What piece of advice would you give to startup entrepreneurs at the beginning of their journeys?

First of all, if you’re not passionate about it—as trite and as cliché as it sounds—if you don’t have the fire for your idea, it will fizzle, it will fizzle out. But that’s not sufficient. You need to find three other crazy people—at least—to share that vision with you and get that done.

It is not easy, it is really not easy to find. We have done extremely well to hire. Bootstrapping is real. The suffering is real, by the way. When you bootstrap, you’ll only hire the next person when you absolutely can’t possibly bear the pain not to have that person in that position tomorrow—and then it’s going to take two months to find that person.

When you bootstrap, you’ll only hire the next person when you absolutely can’t possibly bear the pain not to have that person in that position tomorrow—and then it’s going to take two months to find that person.

And the culture is important, too. If you’re going to do a startup as much as opposite the tracks are and all of that, find people that are in your tribe, find people that you can genuinely work with, that you don’t want to murder at the end of the day. But people you can work with. That at the end of day, everybody believes in the vision and holds that vision. Because if you don’t, it’ll just dissipate.

The people that are on board, they don’t last. Be prepared to sleep under your desk some nights, because that’s what it’s going to take. This startup world is no joke. It’s full on. It’s not for the meek. […]

Don’t build something for yourself. Make sure that you go out there and validate, make sure you validate. If you don’t validate and you build something that nobody wants, well that’s your own fault […].

Don’t be shy about asking for the money. If you believe in it and you can prove it—and you can actually demonstrate it even better—those folks will come on board as well. The world always needs a better mousetrap.

Hey, what do you think of this episode? Leave your comment!
Or check other startup stories here.


  • TIME: ~ 1 year.
  • Number of PIVOTSNone.
  • Initial TEAM background/composition4 initial co-founders (the tech visionary + the resident language Industry veteran / business dev / marketing guy + the product management and engineering guy + CEO/Chief Revenue Officer guy) + 1 FT Sales manager + 1 SDR + 1 Head of Development and Chief Architect + Contract software developers – and that was it for at least the first 6-7 months.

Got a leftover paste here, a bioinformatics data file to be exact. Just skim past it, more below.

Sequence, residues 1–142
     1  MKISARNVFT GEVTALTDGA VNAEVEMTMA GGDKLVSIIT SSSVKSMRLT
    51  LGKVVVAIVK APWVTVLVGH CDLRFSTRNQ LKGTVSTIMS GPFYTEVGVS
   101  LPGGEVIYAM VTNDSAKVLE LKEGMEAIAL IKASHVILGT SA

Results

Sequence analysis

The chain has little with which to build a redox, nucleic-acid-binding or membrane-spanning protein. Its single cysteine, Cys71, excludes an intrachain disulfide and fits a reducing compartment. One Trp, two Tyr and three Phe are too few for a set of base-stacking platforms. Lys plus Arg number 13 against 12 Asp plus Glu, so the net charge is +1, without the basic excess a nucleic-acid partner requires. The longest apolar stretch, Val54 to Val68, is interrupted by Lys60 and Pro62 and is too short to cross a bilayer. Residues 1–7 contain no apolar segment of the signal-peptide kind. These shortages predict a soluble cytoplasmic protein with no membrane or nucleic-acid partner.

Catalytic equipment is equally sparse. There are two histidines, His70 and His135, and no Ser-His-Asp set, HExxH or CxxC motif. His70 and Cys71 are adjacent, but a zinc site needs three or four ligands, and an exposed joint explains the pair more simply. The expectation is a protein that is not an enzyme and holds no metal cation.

• METHODOLOGIES/FRAMEWORKS usedBootstrapping start up, lean lean lean, Agile development approach ( we deliver new features/functionality on a pace of every 6-8 weeks with mini releases and enhancements in between)
  • Relevant SERVICES/TOOLS: we use all of those Trello, Asana, AWS, Jira, etc. Anything that can assist and streamline our own processes internally we are a big fan of. We leverage Twilio and other cloud communications technologies, we use a lot of different tools in order to get our jobs done – – Marketing leverages a number of SEO/SEM tools and Marketing automation tools, Sales uses Salesforce and other tools in the Salesforce ecosystem.
  • Relevant PRACTICES: We meet frequently to address the development roadmap and the needs of our end users – we listen to our channel partners and to the market in general very very carefully and participate in industry events whenever possible. We don’t find ourselves building anything that hasn’t been specifically requested or validated by our channel partners and end users.
  • FUNDING to Traction: Personal, friends and family and domestic and foreign angel investment.


Boostlingo LogoFrom day one Boostlingo (Website; Facebook; Twitter; LinkedIn; Instagram) was built to help Language Service Companies scale their interpretation business quickly and efficiently. Boostlingo is personally and professionally invested in our language service partnerships. We are here to help you grow, to help you succeed!

Boostlingo allows for easy management and coordination of all interpretation tasks including on-site interpreter appointment scheduling and the management of on-demand and scheduled over-the-phone (OPI) and video remote interpreting (VRI) sessions. You can now manage your entire end-to-end interpreting business in one place. With Boostlingo you can offer your clients the best technology solution on the market today at the lowest possible price. Boostlingo also does not sell directly to your customers. We work with our partners, we don’t compete with them.

Boostlingo is an Interpretation Delivery Platform (IDP) an Interpretation Management System (IMS) and an Interpretation Scheduling System (ISS) all rolled into one Unified Platform!